What Is a Credit Card and How Does It Work?

Most people believe that the concept of the credit card is straightforward: People deposit their US dollars in banks. Banks then offer credit cards. They give you a credit card and a limit as to how much you’re allowed to spend. Then, when you swipe the credit card, the bank covers your purchase by handing out the US dollars that their customers deposit and later on, you pay the bank back plus interest. Simple.

No, it’s not that simple. In fact, credit cards do not work that way at all. To understand how credit cards work requires a fundamental grasp of banking operations. Now, I know some of you are thinking, “God, boring lecture ahead.” Not really. In fact, you might find it quite interesting, or possibly even shocking. While it is a complex concept, I will endeavor to keep things as simple as possible. That means I’ll give you a basic overview, which is quite enough and it’s really all you will need to understand.

The Bank Determines Your Creditworthiness

Each bank has its own standards for what it considers “creditworthy”. One bank might offer many different types of credit cards: a basic card, cash back cards, travel rewards, etc., and each card will have a different standard to qualify for it. Generally speaking, most banks first consider your credit score. There are many different types of credit scores, but the most popular is FICO, so we will use it as the example. FICO ranges from 300 – 850. The bank sets the minimum score allowed for its credit card and won’t consider anything less at that point in time. Economic conditions affect the standard. In a booming economy, banks might relax their standards of what constitutes “creditworthy” and so, lower the minimum FICO score necessary to qualify. In a recession, banks will tighten what constitutes “creditworthy” and raise the minimum FICO score. Let’s assume two banks and two different credit cards.

Capital One offers the Quicksilver card and Chase offers the Slate card. To qualify for the Quicksilver card, Capital One might require a minimum score of, say, 620 and for the Slate card, Chase might require a minimum of 650. Let us assume that you do not think that you will qualify for the Slate card, so you choose to apply for the Quicksilver card. You apply and after checking your credit and other information on your application, Capital One approves you for the Quicksilver card with a credit limit of $1,000. Congratulations! Your card arrives in a week or so and you’re ready to buy some things. Now, at this point you might be saying, “You’re not telling me what I don’t already know.” True enough, but it is at the point of making a purchase with the card that what you “think you know” goes out the window.

Your Credit Limit Isn’t Actual US Dollars

You might think that you have a credit limit of $1,000, but you do not. What you actually have is a Quicksilver card with a credit limit of 1,000 Capital One bank IOUs. That’s right. You are allowed to spend 1,000 Capital One bucks. They aren’t actual US dollars. If you had the Chase Slate card, the limit would be 1,000 Chase bucks. Each bank has its own IOU, just like, say, Publix has a different coupon than Kroger and these bank IOUs are not interchangeable. Capital One will not accept payment in Chase bucks and vice versa. To turn the bank’s IOU into actual “money” that everyone will accept, first something special has to be done to the bank’s IOU.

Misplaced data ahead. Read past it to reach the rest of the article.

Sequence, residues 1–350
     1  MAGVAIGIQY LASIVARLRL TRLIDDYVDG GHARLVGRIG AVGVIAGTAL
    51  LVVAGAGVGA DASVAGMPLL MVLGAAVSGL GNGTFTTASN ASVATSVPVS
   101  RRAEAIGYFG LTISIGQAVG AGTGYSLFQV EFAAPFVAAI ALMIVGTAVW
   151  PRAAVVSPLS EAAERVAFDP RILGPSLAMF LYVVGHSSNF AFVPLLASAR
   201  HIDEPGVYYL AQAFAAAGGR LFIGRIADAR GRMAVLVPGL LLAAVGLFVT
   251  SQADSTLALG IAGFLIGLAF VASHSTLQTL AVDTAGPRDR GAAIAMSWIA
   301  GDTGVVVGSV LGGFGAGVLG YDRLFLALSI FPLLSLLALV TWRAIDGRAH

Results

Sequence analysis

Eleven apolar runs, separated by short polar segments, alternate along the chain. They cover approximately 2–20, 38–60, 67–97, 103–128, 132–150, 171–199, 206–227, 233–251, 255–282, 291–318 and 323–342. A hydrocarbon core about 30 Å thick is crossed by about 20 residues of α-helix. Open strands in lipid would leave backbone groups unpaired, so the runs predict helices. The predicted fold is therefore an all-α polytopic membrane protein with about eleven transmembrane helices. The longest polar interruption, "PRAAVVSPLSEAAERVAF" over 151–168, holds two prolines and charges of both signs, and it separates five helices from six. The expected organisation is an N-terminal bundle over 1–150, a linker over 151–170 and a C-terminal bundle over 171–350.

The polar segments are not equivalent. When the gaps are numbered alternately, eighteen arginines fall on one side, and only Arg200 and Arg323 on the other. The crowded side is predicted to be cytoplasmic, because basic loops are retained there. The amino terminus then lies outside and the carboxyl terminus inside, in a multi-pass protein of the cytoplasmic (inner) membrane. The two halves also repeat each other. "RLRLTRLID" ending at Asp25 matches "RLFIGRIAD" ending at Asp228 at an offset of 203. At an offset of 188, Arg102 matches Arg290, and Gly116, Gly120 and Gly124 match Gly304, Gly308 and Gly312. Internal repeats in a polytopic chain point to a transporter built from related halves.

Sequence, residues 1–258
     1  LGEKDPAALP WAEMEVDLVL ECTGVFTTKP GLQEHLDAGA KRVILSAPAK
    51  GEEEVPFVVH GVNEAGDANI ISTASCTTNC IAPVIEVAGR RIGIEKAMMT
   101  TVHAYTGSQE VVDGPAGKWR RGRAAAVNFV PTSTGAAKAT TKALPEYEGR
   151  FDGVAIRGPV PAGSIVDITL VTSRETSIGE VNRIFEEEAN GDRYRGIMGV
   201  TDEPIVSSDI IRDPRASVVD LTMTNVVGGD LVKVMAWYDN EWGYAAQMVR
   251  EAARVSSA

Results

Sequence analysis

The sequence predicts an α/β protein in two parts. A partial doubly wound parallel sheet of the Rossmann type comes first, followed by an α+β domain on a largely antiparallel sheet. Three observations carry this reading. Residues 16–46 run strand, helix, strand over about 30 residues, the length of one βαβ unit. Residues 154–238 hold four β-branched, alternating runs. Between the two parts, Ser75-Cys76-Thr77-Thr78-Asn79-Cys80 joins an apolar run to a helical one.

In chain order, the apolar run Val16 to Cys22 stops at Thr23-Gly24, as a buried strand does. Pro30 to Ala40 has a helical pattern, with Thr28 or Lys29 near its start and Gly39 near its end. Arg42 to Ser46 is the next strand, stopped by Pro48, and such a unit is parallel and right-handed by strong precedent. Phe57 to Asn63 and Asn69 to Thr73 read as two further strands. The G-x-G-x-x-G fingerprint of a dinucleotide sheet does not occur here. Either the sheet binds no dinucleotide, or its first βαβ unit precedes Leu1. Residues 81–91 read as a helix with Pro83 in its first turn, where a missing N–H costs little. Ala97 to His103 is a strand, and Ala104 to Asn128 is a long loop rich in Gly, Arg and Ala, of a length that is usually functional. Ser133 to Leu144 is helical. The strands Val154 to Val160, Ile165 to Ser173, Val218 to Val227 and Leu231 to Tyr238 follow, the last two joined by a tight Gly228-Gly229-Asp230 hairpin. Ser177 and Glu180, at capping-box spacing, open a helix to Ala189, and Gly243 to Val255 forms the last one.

Denomination

Actual US dollars do not come from banks. They come from the US Government. The US dollar is the US Government’s IOU. Each national government has its own currency that it issues which that particular nation uses. The currency is defined by what is known as the “unit of account”. For instance, in the United Kingdom, the unit of account is the Pound, “£” whereas in the United States, the unit of account is the US Dollar, “$”. Banks do not have the authority to issue US dollars. Only the US Government can do that. So then, if the bank’s IOU isn’t an actual US dollar, why does everyone accept the bank’s IOU? Well, nobody accepts the bank’s IOU as is. They accept the US Government’s IOU and federal taxation is the reason why they accept the US Government’s IOU.
You see, the US Government issues the US dollar and then demands that taxes be paid only in US dollars. That means, the US Government will not accept Chase bucks, gold, silver or British Pounds for tax payments. Only US dollars. By demanding taxes payable only in US dollars, it forces everyone in the United States to get ahold of US dollars. Federal taxation creates a demand for US dollars and hence, it is why we use US dollars. So, the trick for banks is to make their IOU “behave” or “act” like US dollars.